Not our weirdos, often because mom may have other children to tend to, a business to run, or a blog to keep on track, our kids get their guidance from us, but they are then sent to the table to independently work on things. This, it turns out, is a very valuable asset in higher education, and you were beating yourself up about it just last week!

So you see, yes, we are weird. But, when I look around at the non-weird kids out there, I think I like it that way.


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This Post Has 7 Comments

  1. The way I explain it to those who ask is this, “Your kid has day after day off, or half day or part day. What do they really learn. My daughter gets to pick so many different things that she wants to learn (she is in 3rd grade) that normally she would not ever be offered even in high school. It is not about how much patience you have to homeschool, it is about seeing your children succeed and be the best they can be and I have yet to find a school where my daughter can do that (we have moved to a lot of different states being ex-military). I also homeschooled my son from 6th grade to his senior year (and did it while I was working for some of it) and he turned out just fine. He went into the military when he turned 19.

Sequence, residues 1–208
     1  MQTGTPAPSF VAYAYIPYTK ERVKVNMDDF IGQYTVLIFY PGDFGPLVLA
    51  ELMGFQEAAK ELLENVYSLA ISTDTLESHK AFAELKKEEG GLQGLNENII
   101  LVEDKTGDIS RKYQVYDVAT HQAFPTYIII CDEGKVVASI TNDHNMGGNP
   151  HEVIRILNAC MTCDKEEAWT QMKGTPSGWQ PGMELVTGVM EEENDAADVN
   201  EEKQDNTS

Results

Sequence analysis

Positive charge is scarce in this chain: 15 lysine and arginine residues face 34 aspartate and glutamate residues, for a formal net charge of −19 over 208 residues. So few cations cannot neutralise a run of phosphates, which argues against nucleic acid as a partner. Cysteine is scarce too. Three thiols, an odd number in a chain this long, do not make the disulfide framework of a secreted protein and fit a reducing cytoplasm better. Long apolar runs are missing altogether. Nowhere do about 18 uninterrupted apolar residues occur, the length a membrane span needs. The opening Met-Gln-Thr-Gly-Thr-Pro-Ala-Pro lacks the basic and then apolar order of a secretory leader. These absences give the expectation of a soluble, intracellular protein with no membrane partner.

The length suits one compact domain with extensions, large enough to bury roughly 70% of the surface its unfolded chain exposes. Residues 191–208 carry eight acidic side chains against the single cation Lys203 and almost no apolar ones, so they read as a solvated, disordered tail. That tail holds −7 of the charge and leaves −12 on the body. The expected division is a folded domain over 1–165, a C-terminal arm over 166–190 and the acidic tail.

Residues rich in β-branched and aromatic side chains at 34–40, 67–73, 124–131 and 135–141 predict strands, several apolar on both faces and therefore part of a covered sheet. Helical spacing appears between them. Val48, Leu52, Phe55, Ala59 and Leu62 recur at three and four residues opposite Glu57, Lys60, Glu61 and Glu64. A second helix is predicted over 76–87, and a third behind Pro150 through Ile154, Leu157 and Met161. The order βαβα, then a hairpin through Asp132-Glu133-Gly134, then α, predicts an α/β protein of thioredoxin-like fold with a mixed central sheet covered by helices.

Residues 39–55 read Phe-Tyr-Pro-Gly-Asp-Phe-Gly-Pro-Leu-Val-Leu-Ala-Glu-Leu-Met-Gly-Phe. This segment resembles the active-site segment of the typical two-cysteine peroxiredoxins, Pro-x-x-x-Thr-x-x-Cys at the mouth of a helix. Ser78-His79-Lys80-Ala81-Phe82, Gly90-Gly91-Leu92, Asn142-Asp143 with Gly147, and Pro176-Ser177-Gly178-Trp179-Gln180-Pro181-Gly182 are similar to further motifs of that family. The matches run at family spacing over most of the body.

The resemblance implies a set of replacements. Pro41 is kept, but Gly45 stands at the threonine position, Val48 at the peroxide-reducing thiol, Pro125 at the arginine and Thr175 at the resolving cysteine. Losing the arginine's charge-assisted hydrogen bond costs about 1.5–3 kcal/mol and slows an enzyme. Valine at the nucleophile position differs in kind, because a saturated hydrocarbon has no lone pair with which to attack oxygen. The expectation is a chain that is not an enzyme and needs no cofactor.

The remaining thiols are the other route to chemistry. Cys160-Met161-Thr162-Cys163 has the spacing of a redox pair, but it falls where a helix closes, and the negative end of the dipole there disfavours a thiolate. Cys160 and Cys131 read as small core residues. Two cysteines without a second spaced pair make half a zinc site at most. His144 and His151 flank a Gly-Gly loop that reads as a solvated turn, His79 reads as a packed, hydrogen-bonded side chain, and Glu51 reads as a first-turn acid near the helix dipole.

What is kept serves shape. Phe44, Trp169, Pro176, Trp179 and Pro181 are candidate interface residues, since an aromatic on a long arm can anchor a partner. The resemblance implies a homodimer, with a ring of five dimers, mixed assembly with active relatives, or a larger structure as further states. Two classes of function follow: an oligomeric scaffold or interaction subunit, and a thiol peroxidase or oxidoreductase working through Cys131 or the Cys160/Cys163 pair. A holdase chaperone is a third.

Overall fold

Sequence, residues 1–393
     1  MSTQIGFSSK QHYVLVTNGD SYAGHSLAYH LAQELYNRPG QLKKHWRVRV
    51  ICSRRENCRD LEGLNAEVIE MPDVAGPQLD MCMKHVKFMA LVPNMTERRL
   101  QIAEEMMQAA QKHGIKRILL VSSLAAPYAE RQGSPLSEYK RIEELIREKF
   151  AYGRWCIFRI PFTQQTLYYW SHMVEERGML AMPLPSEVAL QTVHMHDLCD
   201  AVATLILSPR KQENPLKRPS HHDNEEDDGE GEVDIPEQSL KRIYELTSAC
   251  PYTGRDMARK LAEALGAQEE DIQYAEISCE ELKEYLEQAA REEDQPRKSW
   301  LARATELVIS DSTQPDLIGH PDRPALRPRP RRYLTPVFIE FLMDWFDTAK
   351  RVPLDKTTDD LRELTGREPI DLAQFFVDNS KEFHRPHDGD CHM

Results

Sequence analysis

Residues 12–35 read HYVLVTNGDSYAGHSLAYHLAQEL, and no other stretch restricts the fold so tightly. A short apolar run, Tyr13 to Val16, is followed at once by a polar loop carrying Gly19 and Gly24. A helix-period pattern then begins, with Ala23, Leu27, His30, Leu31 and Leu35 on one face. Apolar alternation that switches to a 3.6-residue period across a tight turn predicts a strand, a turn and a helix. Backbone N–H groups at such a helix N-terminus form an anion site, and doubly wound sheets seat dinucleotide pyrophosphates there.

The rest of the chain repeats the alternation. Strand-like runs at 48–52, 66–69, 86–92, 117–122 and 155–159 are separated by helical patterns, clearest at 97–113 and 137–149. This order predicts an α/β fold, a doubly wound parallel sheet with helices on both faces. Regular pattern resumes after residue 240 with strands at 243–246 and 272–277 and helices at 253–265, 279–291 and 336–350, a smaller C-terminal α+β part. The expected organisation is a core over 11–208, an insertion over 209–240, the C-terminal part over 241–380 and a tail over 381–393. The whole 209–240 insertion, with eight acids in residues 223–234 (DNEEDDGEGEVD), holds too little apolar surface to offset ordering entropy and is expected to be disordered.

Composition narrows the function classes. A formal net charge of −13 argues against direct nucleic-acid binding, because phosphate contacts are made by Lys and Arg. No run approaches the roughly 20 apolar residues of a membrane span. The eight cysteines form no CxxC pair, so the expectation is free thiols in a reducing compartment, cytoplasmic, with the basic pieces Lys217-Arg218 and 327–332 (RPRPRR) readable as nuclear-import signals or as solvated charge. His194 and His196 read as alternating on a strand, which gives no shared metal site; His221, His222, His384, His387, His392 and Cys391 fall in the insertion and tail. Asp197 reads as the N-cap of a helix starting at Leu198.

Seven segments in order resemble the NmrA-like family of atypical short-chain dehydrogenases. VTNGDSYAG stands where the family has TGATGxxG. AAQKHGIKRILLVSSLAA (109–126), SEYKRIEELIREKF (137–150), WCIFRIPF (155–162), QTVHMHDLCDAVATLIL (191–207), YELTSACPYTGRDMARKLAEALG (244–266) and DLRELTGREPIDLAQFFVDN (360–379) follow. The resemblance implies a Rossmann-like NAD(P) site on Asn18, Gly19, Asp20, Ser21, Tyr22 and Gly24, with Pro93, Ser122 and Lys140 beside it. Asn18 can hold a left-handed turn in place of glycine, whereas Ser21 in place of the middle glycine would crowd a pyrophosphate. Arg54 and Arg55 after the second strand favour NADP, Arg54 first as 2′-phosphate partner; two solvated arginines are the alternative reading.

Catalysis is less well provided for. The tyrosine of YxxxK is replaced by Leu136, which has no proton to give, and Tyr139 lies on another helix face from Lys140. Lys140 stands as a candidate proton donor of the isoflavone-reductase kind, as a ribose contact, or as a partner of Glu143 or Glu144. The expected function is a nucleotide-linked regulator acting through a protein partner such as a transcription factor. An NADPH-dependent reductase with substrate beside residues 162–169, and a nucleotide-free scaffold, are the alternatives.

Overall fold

2. I love this article!!! So on point. Especially the introduction. 🙂 I have been stopped in different stores, just to be asked if we are homeschoolers, and if they could ask us questions. Once, I asked them why they thought we were homeschoolers. They said: ” Well, you dress modestly, and your children are well behaved.” WOW! I was flabbergasted. Something so simple, yet “weird” in our culture nowadays gave it away.

  3. I agree with this for the most part. I would say that there are probably a few homeschoolers who do run themselves ragged attempting to participate in everything because they don’t want their kids to miss out on anything, but usually these same people end up in burnout and have to rethink what they want out of their homeschool, so they have to purposely slow down and allow learning to take place at a slower pace. So for anyone thinking of homeschooling, keep extra curricular activities to a minimum at the beginning of your journey so you can figure out which activities will fit your family best without causing extra stress. I love to watch my children learn on their own and yes we teach them to work independently early, even if it is just giving a simple instruction to someone in preschool or early elementary and then popping back with them in a few minutes after they’ve completed their short task.